Missouri Tackles Challenge of Dyslexia Screening, Services
Lost Sense of School As a Safe Place
Grief and Rage Drive Students To Demand Changes to Gun Laws
A Florida City Forever Changed
Lockdown Drills Prompt Fear, Stress After Parkland
A Long Journey Ahead Seen For Survivors of Shooting
On Social Media, Teens Witness, Grieve, Organize
Legal Issues Loom for District In Shooting’s Wake
One State’s Dive Into K-12 Aid Figures
States Confront ESSA Mandate on Spending Transparency
Several Ed. Dept. Offices Target of Reorganization
Trump Seeks Ed. Dept. Budget Cuts
The Editors: What Should Betsy DeVos Prioritize?
Margaret Spellings: Higher Education
Marilyn Anderson Rhames: Teacher Quality
Karla Phillips: Personalization
Maddie Fennell: Leadership by Example
Shaun M. Dougherty: Career and Tech Ed
Mike Tenbusch : The ‘Have Nots’
Rafiq R. Kalam Id-Din II: Racial-Equity Agenda
Erin McGrath: Lack of Choice
TopSchoolJobs Recruitment Marketplace
Jerrod Wheeler: Impact Aid Is a Lifeline for Military-Connected Kids
Education Week - February 28, 2018 - Education Week - February 28, 2018
Education Week - February 28, 2018 - 2
Education Week - February 28, 2018 - 3
Education Week - February 28, 2018 - Report Roundup
Education Week - February 28, 2018 - 5
Education Week - February 28, 2018 - Computer Science for All: Can Schools Make It Happen?
Education Week - February 28, 2018 - Pressure to Graduate Failing Students Is Felt Nationwide
Education Week - February 28, 2018 - U.K. Curriculum Import Becoming Increasingly Popular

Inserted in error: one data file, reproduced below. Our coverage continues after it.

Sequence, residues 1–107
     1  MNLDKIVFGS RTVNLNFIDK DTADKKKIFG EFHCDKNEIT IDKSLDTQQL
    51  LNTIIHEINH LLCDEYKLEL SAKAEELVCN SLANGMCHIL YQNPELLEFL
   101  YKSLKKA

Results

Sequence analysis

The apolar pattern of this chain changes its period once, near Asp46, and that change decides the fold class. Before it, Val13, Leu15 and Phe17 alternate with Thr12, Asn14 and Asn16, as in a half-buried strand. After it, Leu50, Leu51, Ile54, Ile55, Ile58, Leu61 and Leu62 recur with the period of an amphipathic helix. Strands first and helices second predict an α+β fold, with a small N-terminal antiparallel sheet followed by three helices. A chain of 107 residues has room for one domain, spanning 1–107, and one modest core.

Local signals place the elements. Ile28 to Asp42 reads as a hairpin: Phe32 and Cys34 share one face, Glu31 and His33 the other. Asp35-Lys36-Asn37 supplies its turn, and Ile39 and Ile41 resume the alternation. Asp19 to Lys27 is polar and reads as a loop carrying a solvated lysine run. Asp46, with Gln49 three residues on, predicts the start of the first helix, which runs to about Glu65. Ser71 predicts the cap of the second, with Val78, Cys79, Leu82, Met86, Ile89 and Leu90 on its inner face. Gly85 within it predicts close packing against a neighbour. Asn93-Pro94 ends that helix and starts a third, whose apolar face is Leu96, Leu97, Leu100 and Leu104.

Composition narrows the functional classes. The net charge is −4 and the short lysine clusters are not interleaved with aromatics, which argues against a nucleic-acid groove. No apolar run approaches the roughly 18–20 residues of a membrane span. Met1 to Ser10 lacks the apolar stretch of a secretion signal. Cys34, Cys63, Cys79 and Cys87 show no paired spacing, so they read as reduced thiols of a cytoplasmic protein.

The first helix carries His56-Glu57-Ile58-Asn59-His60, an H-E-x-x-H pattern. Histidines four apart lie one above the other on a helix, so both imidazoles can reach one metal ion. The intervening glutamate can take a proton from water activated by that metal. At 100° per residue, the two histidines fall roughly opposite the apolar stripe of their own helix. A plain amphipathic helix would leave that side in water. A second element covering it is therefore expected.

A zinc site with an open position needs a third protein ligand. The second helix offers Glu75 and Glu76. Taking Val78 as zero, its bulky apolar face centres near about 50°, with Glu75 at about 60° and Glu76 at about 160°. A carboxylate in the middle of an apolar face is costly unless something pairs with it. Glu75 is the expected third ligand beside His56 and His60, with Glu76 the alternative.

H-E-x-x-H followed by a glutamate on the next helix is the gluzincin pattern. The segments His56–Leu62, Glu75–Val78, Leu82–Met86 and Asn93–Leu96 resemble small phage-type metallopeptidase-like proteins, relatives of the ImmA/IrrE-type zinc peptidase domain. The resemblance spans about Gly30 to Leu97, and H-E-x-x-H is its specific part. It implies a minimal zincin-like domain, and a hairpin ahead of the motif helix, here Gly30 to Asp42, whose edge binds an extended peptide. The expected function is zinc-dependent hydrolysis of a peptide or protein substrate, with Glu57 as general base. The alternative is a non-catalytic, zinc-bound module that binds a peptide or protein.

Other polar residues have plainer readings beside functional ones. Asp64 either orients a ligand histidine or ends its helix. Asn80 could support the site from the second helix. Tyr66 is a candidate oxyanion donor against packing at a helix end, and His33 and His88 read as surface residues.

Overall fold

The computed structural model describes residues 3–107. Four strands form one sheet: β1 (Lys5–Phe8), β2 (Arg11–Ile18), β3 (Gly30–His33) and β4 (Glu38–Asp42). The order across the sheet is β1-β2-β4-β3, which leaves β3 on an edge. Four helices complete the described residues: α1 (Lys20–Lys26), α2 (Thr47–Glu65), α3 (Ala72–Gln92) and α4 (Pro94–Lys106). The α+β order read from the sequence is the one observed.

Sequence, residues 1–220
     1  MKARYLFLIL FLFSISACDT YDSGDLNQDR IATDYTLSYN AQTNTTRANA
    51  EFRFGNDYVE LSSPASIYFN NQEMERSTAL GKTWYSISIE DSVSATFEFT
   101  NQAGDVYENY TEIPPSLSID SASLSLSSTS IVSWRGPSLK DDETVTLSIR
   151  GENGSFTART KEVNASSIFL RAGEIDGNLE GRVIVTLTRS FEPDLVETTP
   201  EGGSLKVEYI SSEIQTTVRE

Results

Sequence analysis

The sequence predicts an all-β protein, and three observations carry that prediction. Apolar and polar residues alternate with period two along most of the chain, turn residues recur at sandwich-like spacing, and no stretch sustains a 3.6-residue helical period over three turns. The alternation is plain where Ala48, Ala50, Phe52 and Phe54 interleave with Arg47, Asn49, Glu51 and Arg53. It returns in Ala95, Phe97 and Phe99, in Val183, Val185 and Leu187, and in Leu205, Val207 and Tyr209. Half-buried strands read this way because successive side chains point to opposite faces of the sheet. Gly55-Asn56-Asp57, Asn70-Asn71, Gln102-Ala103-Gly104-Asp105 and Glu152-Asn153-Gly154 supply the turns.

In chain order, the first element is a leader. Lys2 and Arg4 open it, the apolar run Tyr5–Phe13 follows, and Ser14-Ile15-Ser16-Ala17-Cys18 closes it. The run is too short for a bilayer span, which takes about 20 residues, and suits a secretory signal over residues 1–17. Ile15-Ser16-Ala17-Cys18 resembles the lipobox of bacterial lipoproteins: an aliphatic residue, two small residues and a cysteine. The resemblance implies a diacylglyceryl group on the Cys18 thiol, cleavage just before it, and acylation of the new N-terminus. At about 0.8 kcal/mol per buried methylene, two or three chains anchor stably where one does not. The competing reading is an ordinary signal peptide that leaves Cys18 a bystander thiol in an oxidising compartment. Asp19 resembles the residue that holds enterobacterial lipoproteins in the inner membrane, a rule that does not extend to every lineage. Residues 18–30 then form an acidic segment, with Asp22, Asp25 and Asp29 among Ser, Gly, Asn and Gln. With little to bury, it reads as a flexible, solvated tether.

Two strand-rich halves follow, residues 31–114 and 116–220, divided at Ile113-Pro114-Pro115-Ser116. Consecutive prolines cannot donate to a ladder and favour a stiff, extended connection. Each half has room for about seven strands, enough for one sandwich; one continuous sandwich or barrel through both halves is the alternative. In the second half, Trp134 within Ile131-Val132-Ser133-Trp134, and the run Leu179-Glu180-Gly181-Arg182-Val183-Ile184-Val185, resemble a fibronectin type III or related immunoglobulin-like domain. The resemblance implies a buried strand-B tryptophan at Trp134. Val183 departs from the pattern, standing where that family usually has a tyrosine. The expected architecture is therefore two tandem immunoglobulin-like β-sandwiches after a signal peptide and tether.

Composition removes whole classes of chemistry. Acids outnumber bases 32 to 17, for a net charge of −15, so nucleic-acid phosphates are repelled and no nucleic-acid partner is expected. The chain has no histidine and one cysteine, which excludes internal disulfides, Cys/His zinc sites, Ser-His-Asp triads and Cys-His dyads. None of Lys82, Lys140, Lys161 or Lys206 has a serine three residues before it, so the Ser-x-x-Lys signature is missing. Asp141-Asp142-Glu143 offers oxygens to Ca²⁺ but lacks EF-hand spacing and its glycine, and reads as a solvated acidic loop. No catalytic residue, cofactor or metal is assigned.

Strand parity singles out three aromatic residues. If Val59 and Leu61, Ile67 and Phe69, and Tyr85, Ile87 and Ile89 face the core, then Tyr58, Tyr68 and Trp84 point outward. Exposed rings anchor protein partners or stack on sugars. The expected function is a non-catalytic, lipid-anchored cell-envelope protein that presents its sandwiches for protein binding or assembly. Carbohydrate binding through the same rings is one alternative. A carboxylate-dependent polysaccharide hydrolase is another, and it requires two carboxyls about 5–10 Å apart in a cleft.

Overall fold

Education Week - February 28, 2018 - Missouri Tackles Challenge of Dyslexia Screening, Services
Education Week - February 28, 2018 - Lost Sense of School As a Safe Place
Education Week - February 28, 2018 - Grief and Rage Drive Students To Demand Changes to Gun Laws
Education Week - February 28, 2018 - A Florida City Forever Changed
Education Week - February 28, 2018 - 13
Education Week - February 28, 2018 - Lockdown Drills Prompt Fear, Stress After Parkland
Education Week - February 28, 2018 - A Long Journey Ahead Seen For Survivors of Shooting
Education Week - February 28, 2018 - Legal Issues Loom for District In Shooting’s Wake
Education Week - February 28, 2018 - 17
Education Week - February 28, 2018 - States Confront ESSA Mandate on Spending Transparency
Education Week - February 28, 2018 - Several Ed. Dept. Offices Target of Reorganization
Education Week - February 28, 2018 - Trump Seeks Ed. Dept. Budget Cuts
Education Week - February 28, 2018 - 21
Education Week - February 28, 2018 - Maddie Fennell: Leadership by Example
Education Week - February 28, 2018 - Erin McGrath: Lack of Choice
Education Week - February 28, 2018 - Letters
Education Week - February 28, 2018 - 25
Education Week - February 28, 2018 - TopSchoolJobs Recruitment Marketplace
Education Week - February 28, 2018 - 27
Education Week - February 28, 2018 - Jerrod Wheeler: Impact Aid Is a Lifeline for Military-Connected Kids
Education Week - February 28, 2018 - CW1
Education Week - February 28, 2018 - CW2
Education Week - February 28, 2018 - CW3
Education Week - February 28, 2018 - CW4